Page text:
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5 Bumps

Abusive and disrespectful Adult Step daughter

My stepdaughter her husband and two kids moved in 5 years ago, she is rude, disrepctful and treats me like a prisoner on our property. They refuse to pay rent and my husband is a pensioner with a small pension i must go out to work, my husband is aware of the abusive way they treat me and says i must just ignore it. It does not work that way because we built the flat for when he went on pesion now i have to try and earn. if i talk about it, i am told i must be gratefull i have a roof over my head, yet they earn triple what we have together. how should i handle this situation.

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JEANNETTE1955

Asked by JEANNETTE1955 at 4:57 AM on Jun. 3, 2013 in Adult Children (18+)

Level 2 (7 Credits)
Answers (10)
  • You give them a month's written notice (see a lawyer to be sure that there are no loopholes) and if they aren't out by then you have them evicted.

    They are leeching off of you, they can afford their own place but prefer to sponge off of their father and you. Do not stand for any more abuse. You do NOT ignore abuse under any circumstances. Why should your self-esteem suffer just because your husband has no spine?
    winterglow

    Answer by winterglow at 5:33 AM on Jun. 3, 2013

  • WTF? So your husband expects you to just take abuse and try to 'ignore it'? You must be very passive to just allow this to happen to you in your own home. I would respond in kind and let them know they are not welcome.
    QuinnMae

    Answer by QuinnMae at 9:03 AM on Jun. 3, 2013

  • How long have you been married? I think I'd tell him "I'm leaving, I'll wait 6 months to file for a divorce. If you haven't made them move out by then, I'll file for divorce."

    Two years is way too long to have adult children and grandchildren living with you, and to do it and be disrespected? You don't have to deal with that.

    I'd take your paycheck and leave.
    ohwrite

    Answer by ohwrite at 9:12 AM on Jun. 3, 2013

  • If they make so much more money why have they been there for 5 years?
    Did you mean you and your husband moved into their flat?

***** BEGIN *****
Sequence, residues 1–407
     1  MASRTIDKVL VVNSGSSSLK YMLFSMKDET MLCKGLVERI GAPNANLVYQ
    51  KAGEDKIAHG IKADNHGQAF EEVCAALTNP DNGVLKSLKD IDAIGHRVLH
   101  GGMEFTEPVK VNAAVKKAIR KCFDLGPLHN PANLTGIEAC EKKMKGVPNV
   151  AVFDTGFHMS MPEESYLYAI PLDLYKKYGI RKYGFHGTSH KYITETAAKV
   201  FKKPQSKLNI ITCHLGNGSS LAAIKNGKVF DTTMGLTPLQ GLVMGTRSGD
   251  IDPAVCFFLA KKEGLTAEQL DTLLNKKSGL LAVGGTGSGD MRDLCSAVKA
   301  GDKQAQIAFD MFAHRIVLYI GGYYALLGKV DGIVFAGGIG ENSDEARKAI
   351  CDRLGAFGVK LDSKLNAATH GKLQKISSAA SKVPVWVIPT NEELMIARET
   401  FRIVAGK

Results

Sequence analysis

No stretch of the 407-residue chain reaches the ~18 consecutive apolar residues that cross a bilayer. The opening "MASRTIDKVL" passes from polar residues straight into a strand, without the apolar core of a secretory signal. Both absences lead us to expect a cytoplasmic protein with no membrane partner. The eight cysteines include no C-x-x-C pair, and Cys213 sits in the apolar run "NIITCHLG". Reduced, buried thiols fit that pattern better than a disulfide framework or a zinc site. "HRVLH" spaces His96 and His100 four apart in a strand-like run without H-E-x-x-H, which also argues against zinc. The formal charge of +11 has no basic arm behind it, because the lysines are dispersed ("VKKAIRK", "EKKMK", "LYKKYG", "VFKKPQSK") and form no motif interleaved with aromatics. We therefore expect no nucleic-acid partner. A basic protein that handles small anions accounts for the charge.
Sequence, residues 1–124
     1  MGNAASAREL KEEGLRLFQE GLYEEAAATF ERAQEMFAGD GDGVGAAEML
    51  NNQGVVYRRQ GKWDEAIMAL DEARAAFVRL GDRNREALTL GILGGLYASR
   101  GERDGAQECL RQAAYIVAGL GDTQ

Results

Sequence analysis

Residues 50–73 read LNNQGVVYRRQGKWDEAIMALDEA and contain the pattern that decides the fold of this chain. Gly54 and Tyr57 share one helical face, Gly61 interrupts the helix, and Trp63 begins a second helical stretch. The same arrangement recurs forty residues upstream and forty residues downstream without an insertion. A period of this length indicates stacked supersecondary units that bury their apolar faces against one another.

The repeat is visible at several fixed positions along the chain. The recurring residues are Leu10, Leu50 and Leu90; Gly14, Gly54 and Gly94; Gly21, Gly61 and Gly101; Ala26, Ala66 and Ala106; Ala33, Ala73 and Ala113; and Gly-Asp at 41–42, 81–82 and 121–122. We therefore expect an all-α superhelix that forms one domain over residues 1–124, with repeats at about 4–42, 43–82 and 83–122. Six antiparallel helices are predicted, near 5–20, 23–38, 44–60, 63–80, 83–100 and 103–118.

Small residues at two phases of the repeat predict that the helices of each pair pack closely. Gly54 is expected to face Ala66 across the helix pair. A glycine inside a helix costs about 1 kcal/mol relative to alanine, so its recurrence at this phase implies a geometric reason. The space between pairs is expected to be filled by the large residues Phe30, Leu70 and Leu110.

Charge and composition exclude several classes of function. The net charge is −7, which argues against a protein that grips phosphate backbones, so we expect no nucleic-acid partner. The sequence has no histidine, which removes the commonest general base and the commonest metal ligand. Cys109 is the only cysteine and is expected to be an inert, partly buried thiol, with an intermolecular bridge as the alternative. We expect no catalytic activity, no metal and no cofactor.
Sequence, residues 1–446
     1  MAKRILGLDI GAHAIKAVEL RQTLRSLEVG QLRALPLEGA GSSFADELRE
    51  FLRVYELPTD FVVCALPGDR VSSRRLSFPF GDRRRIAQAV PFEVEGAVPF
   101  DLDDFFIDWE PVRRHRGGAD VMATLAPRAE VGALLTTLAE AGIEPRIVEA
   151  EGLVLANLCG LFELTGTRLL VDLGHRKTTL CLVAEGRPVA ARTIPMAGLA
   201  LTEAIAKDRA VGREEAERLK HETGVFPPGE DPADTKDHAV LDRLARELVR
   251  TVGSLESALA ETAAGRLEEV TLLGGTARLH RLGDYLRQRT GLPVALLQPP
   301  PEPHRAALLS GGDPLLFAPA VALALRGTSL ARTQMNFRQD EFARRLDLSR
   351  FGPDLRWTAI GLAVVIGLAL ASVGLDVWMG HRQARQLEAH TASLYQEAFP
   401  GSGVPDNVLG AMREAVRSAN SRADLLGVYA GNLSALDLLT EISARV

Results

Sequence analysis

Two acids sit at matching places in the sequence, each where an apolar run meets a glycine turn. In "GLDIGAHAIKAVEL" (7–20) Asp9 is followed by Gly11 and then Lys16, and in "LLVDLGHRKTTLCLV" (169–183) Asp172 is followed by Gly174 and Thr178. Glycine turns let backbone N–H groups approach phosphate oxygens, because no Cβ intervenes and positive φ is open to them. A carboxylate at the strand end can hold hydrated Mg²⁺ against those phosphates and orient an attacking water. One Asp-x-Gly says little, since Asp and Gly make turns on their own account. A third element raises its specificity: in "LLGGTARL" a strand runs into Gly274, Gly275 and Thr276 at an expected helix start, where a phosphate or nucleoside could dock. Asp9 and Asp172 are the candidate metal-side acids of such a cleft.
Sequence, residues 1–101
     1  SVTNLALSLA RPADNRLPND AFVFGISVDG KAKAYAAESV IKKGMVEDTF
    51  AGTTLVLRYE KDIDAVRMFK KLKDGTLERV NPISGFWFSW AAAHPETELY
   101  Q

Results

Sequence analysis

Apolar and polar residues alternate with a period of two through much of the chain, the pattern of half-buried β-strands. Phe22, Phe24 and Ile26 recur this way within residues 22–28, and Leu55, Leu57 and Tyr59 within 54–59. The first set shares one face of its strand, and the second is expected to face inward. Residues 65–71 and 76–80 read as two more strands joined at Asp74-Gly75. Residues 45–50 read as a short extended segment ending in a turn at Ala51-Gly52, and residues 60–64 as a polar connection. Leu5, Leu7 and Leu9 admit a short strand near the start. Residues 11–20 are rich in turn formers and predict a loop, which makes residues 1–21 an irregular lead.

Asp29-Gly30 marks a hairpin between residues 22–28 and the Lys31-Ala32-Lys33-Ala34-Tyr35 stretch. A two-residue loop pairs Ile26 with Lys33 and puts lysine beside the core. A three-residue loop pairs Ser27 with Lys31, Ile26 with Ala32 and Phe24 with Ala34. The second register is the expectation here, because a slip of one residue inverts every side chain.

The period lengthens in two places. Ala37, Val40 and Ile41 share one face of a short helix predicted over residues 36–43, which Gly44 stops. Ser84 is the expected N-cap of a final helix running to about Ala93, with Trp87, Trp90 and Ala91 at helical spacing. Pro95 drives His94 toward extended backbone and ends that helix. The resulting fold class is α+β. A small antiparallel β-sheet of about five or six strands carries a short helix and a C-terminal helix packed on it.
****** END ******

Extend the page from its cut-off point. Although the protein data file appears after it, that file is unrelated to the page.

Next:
virginiamama71

    Answer by virginiamama71 at 9:48 AM on Jun. 3, 2013

  • I think this may be something you all can resolve but from the sound of it, doing so would require some support & facilitating. The conflict is a sticky one because there is a lot of emotional enmeshment & enabling going on. Rather than writing it off as hopeless OR continuing to tolerate it with growing resentment, would you be willing to seek support through family counseling? (It doesn't have to involve the whole family, but you'd be working with someone who understands family systems & how to avoid/address common communication problems.)
    When you present the issue as a problem, it likely triggers feelings of helplessness & hopelessness in your husband, which makes him want to make it "go away." He meets you with annoyance. Defensiveness is a common response when conflicts are broached with blame/criticism, and people tend to minimize or deny when they don't see HOW things could change (feel helpless.) All this is going on!
    girlwithC

    Answer by girlwithC at 11:46 AM on Jun. 3, 2013

  • Hit the road, Jack! And don't you come back no more, no more, no more ...
    Ballad

    Answer by Ballad at 1:35 PM on Jun. 3, 2013

  • I would get online and look at some cheap apartments, sit them down and let them know they have 1-2 months to figure out where to go because you cannot support them anymore. 5 years is too long, 1 year is acceptable, 2 is reasonable, 3 is very generous, 4 is pushing it, 5 is get out = plenty of chances.
    leksismommy

    Answer by leksismommy at 2:26 PM on Jun. 3, 2013

  • Yeah hubby shouldn't put you in that situation. The BOTH of you should make it clear the free ride has ended.
    tasches

    Answer by tasches at 7:46 PM on Jun. 4, 2013

  • I would give them a time to be out.
    morebee7

    Answer by morebee7 at 4:18 AM on Jun. 24, 2013

  • I would talk to your husband about counseling for the two of you. If he refuses to go, or makes no effort to change after going, I would seriously consider the possibility of leaving him. He is allowing the abuse to go on, probably in some kind of fear state that these grown kids will abandon him. A good counselor might be able to help him see that if he doesn't stop the abuse, he will be abandoned, and it won't be by the kids.
    lilangilyn

    Answer by lilangilyn at 4:42 PM on Jul. 30, 2013

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